A map of the Sam Caudill State Wildlife Area near Glenwood Springs.

County grants $60,000 for boat ramp improvements

CPW making upgrades at Sam Caudill SWA along the Roaring Fork River

March 22, 2024

Garfield County has granted Colorado Parks and Wildlife $60,000 from its Conservation Trust Fund toward improvements at the Sam Caudill State Wildlife Area (SWA) boat ramp on the Roaring Fork River between Carbondale and Glenwood Springs. The popular boat ramp is located off Old Highway 82 (County Road 154), just adjacent to the old Hardwick Bridge.

Improvements include a staging area for boaters, excavation and embankment upgrades, erosion control, and more. The initial project bid includes $223,850 in improvements, plus another $60,000 for an optional boulder rock wall and aggregate base.

CPW Area 8 Assistant Wildlife Manager Darren Chacon told the Board of County Commissioners (BOCC) that after speaking with Garfield County Road and Bridge staff, CPW is looking to extend the parking spaces to provide more buffer space from the roadway.

“We’re making various improvements to the boat ramp,” Chacon explained. “There’s going to be one-way entry and a staging area, which we hope will lessen a lot of the traffic and safety issues we have on County Road 154.”

Commissioner John Martin noted that the public has complained there are not restrooms at the site.
“There’s one thing missing,” he said. “Restrooms. That has always been the most frequent complaint. What are we going to do about that? With kids running around, they always need a restroom, and the Westbank residents will really appreciate that.”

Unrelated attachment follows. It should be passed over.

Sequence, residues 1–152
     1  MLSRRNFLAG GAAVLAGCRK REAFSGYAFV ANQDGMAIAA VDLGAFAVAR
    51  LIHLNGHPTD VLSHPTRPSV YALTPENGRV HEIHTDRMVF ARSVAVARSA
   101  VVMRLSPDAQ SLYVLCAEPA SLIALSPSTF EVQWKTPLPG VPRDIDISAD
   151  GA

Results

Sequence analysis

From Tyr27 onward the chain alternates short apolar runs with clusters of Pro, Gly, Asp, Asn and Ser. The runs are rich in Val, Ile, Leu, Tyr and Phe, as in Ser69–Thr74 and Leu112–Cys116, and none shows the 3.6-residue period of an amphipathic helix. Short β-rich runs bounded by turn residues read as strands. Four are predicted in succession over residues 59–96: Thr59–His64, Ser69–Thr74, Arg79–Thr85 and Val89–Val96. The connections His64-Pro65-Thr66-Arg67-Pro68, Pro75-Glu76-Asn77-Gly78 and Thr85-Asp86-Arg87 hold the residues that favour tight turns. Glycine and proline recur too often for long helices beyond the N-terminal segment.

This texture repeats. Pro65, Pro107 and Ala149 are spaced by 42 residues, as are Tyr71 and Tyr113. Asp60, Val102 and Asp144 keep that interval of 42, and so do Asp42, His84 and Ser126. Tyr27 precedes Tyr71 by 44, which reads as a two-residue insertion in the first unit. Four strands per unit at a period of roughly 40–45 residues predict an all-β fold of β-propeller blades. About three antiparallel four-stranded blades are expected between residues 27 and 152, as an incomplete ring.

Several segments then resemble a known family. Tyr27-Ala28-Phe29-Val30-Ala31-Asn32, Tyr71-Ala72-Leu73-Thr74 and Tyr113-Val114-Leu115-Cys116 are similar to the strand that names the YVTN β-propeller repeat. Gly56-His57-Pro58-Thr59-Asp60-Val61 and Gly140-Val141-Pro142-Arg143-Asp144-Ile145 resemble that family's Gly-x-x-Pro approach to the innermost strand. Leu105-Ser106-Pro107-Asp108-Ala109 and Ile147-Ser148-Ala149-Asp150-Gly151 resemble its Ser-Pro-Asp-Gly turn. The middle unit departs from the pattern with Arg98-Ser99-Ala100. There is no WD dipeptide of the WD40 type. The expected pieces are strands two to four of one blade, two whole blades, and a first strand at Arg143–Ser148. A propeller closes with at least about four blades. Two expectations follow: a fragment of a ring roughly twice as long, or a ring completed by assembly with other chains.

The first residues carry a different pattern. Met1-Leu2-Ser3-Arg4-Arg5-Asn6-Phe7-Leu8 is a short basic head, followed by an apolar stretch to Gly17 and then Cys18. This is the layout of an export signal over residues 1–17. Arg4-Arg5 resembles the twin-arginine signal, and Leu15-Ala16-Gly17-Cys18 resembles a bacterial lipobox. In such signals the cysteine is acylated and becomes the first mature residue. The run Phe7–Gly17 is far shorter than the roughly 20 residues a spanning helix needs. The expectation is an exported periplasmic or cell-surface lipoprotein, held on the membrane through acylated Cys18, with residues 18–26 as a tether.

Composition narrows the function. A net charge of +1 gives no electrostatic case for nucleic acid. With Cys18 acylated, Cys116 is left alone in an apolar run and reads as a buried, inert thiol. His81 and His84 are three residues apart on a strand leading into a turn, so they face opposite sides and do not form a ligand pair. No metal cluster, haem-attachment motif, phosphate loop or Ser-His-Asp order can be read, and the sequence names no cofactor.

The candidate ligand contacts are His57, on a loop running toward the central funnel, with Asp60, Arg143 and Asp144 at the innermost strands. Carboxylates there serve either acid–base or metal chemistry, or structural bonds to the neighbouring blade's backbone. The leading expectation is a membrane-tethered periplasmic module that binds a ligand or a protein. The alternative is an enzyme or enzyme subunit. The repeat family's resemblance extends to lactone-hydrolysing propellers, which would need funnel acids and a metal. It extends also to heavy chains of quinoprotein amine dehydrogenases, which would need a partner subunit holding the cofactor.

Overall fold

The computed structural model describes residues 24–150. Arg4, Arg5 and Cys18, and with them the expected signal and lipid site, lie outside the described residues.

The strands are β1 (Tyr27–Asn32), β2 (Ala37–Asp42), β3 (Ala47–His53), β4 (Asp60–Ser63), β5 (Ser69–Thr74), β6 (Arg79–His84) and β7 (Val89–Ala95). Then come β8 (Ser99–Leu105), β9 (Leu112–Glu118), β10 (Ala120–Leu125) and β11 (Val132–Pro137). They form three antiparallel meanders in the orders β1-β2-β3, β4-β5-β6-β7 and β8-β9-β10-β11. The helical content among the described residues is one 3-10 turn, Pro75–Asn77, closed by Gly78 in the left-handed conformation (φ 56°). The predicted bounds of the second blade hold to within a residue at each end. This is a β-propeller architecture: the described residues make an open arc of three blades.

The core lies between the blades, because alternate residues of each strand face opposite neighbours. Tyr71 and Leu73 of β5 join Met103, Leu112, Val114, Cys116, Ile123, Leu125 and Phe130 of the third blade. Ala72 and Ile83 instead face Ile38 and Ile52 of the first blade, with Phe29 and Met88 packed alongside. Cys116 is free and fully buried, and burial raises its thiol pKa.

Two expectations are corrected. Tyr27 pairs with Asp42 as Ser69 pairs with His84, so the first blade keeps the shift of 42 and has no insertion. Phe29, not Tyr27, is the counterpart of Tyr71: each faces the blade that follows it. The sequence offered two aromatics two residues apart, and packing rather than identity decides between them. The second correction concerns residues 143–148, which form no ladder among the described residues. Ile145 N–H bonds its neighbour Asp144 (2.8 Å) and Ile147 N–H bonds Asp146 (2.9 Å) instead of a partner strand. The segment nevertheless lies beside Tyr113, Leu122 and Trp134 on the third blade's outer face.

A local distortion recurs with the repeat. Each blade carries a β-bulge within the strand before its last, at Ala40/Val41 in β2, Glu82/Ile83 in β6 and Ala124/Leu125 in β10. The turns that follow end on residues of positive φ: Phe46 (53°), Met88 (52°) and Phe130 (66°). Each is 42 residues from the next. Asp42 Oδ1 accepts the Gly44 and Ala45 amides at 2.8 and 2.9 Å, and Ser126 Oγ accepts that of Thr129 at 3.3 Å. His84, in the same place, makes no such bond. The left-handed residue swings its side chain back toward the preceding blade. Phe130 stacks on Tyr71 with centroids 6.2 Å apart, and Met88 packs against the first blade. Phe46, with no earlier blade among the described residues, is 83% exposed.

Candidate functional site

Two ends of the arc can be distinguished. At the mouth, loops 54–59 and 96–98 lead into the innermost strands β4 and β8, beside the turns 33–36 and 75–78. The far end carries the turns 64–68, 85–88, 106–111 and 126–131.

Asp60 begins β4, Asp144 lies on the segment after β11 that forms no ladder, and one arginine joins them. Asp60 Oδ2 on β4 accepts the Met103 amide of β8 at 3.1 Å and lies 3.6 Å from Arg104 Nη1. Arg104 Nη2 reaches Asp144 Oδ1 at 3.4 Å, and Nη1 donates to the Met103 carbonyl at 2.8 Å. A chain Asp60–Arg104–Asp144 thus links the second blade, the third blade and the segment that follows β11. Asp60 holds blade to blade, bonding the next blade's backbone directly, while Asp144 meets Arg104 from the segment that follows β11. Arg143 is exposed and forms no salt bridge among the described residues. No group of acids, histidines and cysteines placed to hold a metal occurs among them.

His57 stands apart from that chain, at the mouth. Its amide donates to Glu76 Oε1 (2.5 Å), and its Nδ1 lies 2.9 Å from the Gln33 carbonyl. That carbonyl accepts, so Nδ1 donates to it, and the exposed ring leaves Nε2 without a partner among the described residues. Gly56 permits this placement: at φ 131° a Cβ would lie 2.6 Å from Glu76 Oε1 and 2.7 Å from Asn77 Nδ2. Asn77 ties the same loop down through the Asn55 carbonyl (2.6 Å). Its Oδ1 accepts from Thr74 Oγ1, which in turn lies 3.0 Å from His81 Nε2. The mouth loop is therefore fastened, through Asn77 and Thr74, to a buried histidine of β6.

Chacon told the board that CPW plans to place portable restrooms at the site. He added that construction is slated for August 15 and will run into September.

The funding was approved unanimously, 2-0, with Commissioner Tom Jankovsky excused from the meeting.

Collared wolves moving through the region
CPW provided the board with a report highlighting areas of wolf activity based on radio collar data since relocation began in late December 2023. The data is recorded every four hours and transmitted to CPW research staff every 16 hours.

Matt Yamashita, CPW area 8 wildlife manager, told the board that the maps indicate watersheds that the animals have traveled in, and do not necessarily mean they have physically been to every spot within.

“The way that map functions is that if any activity is recorded in any of those watersheds, then it highlights the entire watershed,” he said. “So, even if they touch just a corner of it or one point for one day, then it highlights the entire drainage.”

He added that there were 10 collared wolves released in December, and two existing collared wolves already residing in Jackson County prior to that release.

Kirk Oldham, CPW area wildlife manager – Grand Junction, noted that the map is updated every fourth Wednesday of the month, and it includes the last 30 days of location information. Yamashita added that movement patterns vary greatly, from loitering in one spot for a while to moving a great distance in a short amount of time.

“Just when we start to predict what their movement will be, they prove us wrong,” he said. “The one constant with wildlife management is that everything is unpredictable. It’ll look like they’re heading in a certain direction, and we try and forecast where they’re going to land. Internally, we make an assumption or prediction, thinking, ‘do we need to prepare and notify a community or landowners?’ and the next set of points come out and that animal has turned 180 degrees and is now 15 to 20 miles in the opposite direction.”

Yamashita added that there are no known dens or offspring at this time, but it’s the season that the animals start searching for den sites.

“It’s unknown if and when that will occur, but we’ll probably know more within the next two months,” he said.